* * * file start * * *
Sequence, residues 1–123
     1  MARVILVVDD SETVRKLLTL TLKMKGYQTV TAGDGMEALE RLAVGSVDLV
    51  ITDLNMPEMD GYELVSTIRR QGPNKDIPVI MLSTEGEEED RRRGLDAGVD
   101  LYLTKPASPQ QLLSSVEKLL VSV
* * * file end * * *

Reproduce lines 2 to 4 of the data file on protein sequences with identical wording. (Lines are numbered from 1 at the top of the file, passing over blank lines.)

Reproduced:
     1  MARVILVVDD SETVRKLLTL TLKMKGYQTV TAGDGMEALE RLAVGSVDLV
    51  ITDLNMPEMD GYELVSTIRR QGPNKDIPVI MLSTEGEEED RRRGLDAGVD
   101  LYLTKPASPQ QLLSSVEKLL VSV